They were made by toy manufacturer Topper (production ceased in 1973) for a short three years from 1970-1973. These diminutive dolls - about 6.5" tall - were all about fashion. In fact, Dawn herself was the owner (and top model, naturally) of the Dawn Model Agency. Her original pals were Angie, Jessica, Dale, Gloria, and, my favorite, Longlocks. It will come as no surprise to learn that they had good-looking boyfriends with perfect hair, who would accompany them to the fashion shows as escorts or supportive audience members.

One of my colleagues still remembers, in great detail, which dolls she had and their outfits. She even owned the oh-so-snazzy rotating fashion stage. (We did play with them a few times in the office as part of our "costume work," I confess.)  The Dawn dolls were less expensive than their larger counterpart, Barbie, so you could get many more dolls or fashion ensembles for the price. Now they are in the collectible category, so hold on to those dolls!  I suppose Bratz dolls will also be considered collectible someday - maybe they already are...

Thank you to Tara Vose Raiselis, Director Saco Museum  & Bridget Swift, Silk Damask Consulting, for their assistance.

Enjoy the Dawn fashion show, courtesy

Wednesday, March 20, 2013

John Hancock's Fashion Flourishes

the flourish of John Hancock’s (1737-1793) eponymous  signature is well-known and highly recognizable. the graceful, Restrained Luxury epitomized in John Singleton Copley’s 1765 Portrait (Museum of Fine Arts, Boston) Captures the moment before Hancock begins his political Journey. 
Together, they leave one with the image of confidence and Strength of character. John Hancock’s clothing selections, however, while not unusual for one in a position of affluence in colonial america, is perhaps less likely to fit comfortably into our impression of the American patriot or a Revolutionary, Particularly one who was actively sought out (with Samuel adams) as an enemy to BRitish colonial authority. The same may be said of many of his contemporaries who felt a disconnection between his political actions and the Fineries of his dress, his “shocking” yellow carriage, renowned largesse, love of entertainments and well-appointed beacon hill home (since demolished.)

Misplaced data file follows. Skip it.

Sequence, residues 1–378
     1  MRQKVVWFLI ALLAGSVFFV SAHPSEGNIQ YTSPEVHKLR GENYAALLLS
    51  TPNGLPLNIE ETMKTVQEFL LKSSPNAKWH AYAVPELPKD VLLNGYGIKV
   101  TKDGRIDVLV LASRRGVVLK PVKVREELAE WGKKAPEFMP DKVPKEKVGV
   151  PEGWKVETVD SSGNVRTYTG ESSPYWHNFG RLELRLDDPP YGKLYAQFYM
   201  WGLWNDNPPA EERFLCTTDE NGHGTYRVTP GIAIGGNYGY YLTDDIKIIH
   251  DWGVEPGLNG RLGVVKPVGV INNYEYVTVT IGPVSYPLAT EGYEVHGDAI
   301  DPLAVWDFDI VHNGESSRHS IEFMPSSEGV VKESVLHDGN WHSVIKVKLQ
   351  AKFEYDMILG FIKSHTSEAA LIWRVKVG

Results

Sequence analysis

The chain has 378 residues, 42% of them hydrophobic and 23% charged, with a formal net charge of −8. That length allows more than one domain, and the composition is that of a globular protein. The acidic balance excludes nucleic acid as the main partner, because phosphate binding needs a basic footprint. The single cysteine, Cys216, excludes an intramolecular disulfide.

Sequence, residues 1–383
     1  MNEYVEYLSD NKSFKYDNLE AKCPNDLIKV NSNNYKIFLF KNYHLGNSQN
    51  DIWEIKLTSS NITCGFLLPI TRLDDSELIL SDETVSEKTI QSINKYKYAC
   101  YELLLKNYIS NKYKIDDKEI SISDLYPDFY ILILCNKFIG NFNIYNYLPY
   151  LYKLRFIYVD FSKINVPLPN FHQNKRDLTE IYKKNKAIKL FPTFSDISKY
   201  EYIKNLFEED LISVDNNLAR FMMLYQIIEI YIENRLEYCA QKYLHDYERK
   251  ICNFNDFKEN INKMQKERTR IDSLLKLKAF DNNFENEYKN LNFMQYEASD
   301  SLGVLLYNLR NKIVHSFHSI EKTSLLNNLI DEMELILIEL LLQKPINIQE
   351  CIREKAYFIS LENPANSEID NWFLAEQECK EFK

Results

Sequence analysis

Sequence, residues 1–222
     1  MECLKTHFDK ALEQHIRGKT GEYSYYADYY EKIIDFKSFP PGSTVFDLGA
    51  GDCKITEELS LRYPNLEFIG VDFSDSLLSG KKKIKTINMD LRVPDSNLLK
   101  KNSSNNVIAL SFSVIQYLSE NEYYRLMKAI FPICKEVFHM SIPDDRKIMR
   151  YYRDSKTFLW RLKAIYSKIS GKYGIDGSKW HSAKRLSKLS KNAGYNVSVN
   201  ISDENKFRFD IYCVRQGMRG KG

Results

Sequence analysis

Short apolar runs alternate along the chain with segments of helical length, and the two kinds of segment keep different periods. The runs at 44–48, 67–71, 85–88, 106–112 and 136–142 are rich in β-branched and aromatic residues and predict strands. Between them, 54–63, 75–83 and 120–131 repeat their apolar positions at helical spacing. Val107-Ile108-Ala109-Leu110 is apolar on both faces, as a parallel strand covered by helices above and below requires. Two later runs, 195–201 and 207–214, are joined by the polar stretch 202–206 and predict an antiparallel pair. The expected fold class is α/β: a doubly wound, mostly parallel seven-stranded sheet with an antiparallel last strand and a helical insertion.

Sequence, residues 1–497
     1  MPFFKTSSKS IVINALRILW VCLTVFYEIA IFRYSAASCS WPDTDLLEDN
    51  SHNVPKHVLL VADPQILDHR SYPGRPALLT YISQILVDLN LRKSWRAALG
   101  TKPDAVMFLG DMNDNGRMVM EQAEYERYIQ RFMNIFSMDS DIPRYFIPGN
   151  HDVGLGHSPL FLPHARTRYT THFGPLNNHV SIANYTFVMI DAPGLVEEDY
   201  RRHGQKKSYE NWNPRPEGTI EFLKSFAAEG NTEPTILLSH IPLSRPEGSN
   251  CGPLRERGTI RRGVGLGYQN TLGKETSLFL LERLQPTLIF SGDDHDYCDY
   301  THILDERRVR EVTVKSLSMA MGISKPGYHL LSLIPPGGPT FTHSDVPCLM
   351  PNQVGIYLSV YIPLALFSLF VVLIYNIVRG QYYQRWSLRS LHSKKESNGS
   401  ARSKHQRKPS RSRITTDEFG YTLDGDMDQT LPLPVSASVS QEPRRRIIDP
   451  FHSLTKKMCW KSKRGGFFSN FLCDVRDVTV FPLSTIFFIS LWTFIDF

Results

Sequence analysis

We are fortunate that detailed Likenesses (including clothing and other accoutremonts), contemporary accounts and garments have survived and are available in the public domain.

At the Bostonian Society (, Hancock’s red silk Velvet jacket, c.1780s, possibly worn for his gubernatorial inauguration; at the New York Historical Society (, an elaborately embroidered silk waistcoat, c.1780s (attributed), and, at the Lexington historical society (, a second, simpler, waistcoat.

The Proceedings of the Bostonian Society Annual meeting, 1912 (p.41) records the following: “Court Suit. Crimson velvet body-coat, blue satin waistcoat embroidered with gold and drab silk trunks, formerly owned and worn by Governor John Hancock.” The items were given by Franklin Hancock of Haverhill, MA. 

John Hancock's (1737-1793) waistcoat (attributed), ca. 1780. The cream silk twill front panels are richly embroidered with a floral and garland motif, and bow-ties decorated with gold-painted metal sequins (spangles). As was common, There is a natural linen back panel and interior lining. Thirteen buttons covered with gold foil and gold wire serve as closures.  Gift of George Gibbs to the New York Historical Society

From the Lexington Historical Society, another silk embroidered waistcoat "worn by Gov. John Hancock." Image: 

This short piece, published late in the 19th century, gathers a number of delightful descriptions of Hancock’s garments:  

John Hancock, a character sketch, by John Roy Musick, 1898